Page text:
A gents from the Counter-Counterfeit Committee of Cambodia (CCCC) have impounded nearly five tonnes of e-cigarettes, shishas and other smoking equipment this year and are preparing to destroy them.

In a press release on December 29, the CCCC said the contraband had been seized in raids of nine sites – four in Phnom Penh, one in Battambang and four in Banteay Meanchey.

The report listed confiscated equipment, including “46,352 smoking machines, 10 boxes of repair tools, 525 battery units, 15,831 bottles of vape oil and many other tools.”

The CCCC said distributors of e-cigarettes had violated parameters established by the National Authority for Combating Drugs and the Tobacco Control Law. They were made to sign confessions and cease and desist orders.

“Prosecutors decided to impound these products at the committee headquarters for destruction. In the past, the CCCC destroyed nearly one tonne of such products, and it is prepared to destroy four more tonnes of them in the near future,” the CCCC said.

It added that e-cigarettes had been widely publicised on social media where they were disingenuously claimed to be a tool to quit smoking cigarettes. It warned that the number of e-cigarettes users was increasing and illicit sales of the products were widespread.

“Shisha and e-cigarettes are a new type of drug that poses a risk to Cambodian youths in the present and the future. Young people could be affected to abandon their studies or work and cause other worrisome social problems,” it said.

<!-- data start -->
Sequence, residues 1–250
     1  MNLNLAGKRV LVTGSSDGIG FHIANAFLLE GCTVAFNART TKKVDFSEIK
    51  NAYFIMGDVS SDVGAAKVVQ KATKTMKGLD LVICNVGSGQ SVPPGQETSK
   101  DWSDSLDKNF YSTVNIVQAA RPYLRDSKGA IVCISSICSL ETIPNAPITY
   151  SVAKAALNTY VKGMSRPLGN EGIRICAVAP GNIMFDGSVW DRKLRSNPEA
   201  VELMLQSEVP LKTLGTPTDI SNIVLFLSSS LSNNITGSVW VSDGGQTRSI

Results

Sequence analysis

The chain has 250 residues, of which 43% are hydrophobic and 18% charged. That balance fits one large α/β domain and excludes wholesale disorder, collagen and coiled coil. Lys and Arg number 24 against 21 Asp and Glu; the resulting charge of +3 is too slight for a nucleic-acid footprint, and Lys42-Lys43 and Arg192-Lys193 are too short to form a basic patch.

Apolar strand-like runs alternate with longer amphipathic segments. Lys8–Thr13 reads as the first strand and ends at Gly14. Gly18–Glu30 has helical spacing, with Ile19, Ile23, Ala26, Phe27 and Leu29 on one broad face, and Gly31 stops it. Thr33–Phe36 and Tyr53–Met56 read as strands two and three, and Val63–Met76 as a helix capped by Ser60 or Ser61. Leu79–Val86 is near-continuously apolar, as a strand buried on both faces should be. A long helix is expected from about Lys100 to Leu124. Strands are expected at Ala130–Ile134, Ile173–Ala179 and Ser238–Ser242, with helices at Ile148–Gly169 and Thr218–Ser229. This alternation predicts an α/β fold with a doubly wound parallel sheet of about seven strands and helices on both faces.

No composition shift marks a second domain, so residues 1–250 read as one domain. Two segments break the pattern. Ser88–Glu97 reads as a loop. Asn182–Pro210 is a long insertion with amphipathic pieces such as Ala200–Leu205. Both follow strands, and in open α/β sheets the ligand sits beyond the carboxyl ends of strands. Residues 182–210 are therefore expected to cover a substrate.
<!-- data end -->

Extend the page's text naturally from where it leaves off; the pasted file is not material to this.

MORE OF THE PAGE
The CCCC called on the public to cooperate in reporting information about locations where such products are produced and distributed.

Cambodia Movement for Health executive director Mom Kong applauded efforts to stop the distribution of products that harm people’s health, particularly those which affect youths.

“E-cigarettes are the gateway that leads young people to use other drugs and spread person-to-person infections such as Covid-19 because they can be shared among individuals. We know that information about them was spread widely on Facebook, and as a precautionary measure, police should crack down on them more strictly,” he said.

The CCCC claimed that although the products did not contain addictive compounds listed in the annex of the Drug Control Law, they contained high concentrations of nicotine which can have a serious impact on health as a contributing cause to lung, stomach and oesophageal cancers, respiratory disorders, and heart and kidney disease.

It also warned that e-cigarettes could be even more dangerous if the liquids used in them are blended with other drugs.